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6 Reasons We Should Be Way More Scared Of Ants

[Note: I'm going to talk about how much I hate ants for about 2,000 words. I hope you're OK with that.]

If you live in Southern California, you're intimately familiar with the Argentine ant, and if you live in the world, you can probably guess the basics (it's a tiny, dark, bity, little bastard that is largely ant-like in mannerisms and appearance).

Source: Alex Wild Photography.

You see them absolutely everywhere -- all over the state, in the wild and in most apartments -- looking for food and water, hiding in your walls. Most of you probably don't think about ants every day, certainly not as a real threat. I'm here to rectify that. This is a warning.

Fuck ants.

You might be thinking, Hey, no big deal, I'll just step on them, like I do to other things that are smaller than me. They're just ants, like any other ants. But they're not. Argentine ants are special. Special and evil and powerful. They will wait for you to go to sleep, then climb on your face and bite you, (yes, that is a thing they do).They're coming for your family by way of your nightmares and they need to be stopped.

#6.
They Don't Belong Here

Source.

A lot of people will tell you not to mess with Argentine ants, because they assume, like all insects, AAs keep our delicate ecosystem in check in a variety of world-saving ways. But I won't say that, because I have a library card and my mother didn't drink while she was pregnant with me. While most insects are important to our ecosystem, Argentine ants are far from it. They're just awful bastards and they're worse than mosquitoes. As annoying and malaria-filled as mosquitoes are, we can't get rid of them all, because they provide food for fish, and they also eat up lots of nasty algae and bacteria. They belong in a circle-of-life kind of way, the way that everything belongs.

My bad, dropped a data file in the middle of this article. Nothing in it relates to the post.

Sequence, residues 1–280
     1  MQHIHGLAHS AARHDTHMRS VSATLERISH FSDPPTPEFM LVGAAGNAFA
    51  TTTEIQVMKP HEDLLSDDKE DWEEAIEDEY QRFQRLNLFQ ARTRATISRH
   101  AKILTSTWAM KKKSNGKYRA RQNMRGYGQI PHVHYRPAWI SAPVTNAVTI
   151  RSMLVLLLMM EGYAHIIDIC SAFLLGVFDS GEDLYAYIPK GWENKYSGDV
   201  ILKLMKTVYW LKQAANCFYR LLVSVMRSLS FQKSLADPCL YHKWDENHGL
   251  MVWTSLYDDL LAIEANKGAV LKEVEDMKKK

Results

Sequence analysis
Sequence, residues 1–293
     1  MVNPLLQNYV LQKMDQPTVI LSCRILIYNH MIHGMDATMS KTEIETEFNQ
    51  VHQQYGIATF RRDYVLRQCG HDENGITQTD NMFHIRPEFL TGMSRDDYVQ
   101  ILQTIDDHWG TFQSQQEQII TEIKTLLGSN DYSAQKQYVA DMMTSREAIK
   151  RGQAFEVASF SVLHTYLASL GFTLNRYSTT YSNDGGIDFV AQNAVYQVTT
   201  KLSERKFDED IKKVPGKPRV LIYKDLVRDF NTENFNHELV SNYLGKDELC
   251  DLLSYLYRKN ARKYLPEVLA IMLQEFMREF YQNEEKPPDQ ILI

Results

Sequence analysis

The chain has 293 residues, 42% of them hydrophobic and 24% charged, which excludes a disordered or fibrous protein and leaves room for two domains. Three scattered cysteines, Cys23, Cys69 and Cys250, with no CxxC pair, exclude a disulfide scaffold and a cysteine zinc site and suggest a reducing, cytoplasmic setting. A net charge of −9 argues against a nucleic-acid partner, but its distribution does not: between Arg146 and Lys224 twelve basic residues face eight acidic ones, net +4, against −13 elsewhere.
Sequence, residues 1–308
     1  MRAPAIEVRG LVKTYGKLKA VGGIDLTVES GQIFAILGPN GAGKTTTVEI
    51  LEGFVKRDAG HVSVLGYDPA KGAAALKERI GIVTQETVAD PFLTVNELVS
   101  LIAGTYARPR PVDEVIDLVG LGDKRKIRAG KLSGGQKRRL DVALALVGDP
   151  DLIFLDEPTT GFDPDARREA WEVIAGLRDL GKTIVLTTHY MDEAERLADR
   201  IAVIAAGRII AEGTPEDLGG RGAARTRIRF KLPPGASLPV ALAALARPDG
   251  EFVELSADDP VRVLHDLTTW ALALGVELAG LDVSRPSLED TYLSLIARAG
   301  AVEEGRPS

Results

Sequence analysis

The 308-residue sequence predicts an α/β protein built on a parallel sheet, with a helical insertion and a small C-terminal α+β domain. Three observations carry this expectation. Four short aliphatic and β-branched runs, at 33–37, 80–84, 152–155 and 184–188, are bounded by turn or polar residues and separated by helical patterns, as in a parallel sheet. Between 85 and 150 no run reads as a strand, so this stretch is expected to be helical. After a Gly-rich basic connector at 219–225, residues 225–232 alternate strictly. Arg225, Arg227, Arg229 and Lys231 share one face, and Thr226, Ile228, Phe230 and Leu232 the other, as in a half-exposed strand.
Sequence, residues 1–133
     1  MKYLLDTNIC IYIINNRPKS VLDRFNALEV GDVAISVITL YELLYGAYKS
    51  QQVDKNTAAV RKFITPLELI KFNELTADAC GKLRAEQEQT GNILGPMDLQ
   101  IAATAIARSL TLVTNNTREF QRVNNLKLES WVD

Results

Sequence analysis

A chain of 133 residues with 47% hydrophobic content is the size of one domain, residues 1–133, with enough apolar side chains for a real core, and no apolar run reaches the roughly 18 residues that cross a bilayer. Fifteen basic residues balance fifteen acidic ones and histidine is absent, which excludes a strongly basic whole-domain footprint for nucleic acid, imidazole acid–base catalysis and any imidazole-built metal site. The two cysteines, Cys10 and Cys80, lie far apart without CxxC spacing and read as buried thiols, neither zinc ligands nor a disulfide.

Except, that is, Argentine ants. As you probably guessed by their name, these buggers are from (and were supposed to stay in) Argentina. Despite that, they're all up in California's shit, as well as the shit of every other continent except Antarctica. They are, first and foremost, invaders, ranked among the 100 worst animal invaders of all time. They're not playing some important positive role in our ecosystem because they don't even belong here, they're just creating a blind trail of destruction and domination.

"Hi, I was exploring your thoughts earlier and I noticed that you're planning on destroying me. I wish you wouldn't think like that."

They used to be part of a functioning ecosystem back in Argentina. According to Elissa Suhr, a doctor in the field of FuckAntsForeverology, "In Argentina ... ant colonies span 10s of meters, are genetically diverse and highly aggressive towards one another, so population numbers never explode and they are no threat to other plants and animals." In Argentina, they were kept in check, like good little shithead bastards, but as soon as they travel out to Australia or California or England or any other damn place, their natural predators are gone and their population blows up. The ants realized that they weren't kings of their domain, so they decided to go find someplace where they could be, like a jaguar that trains itself to fly when it realizes it can't compete with lions for land dominance.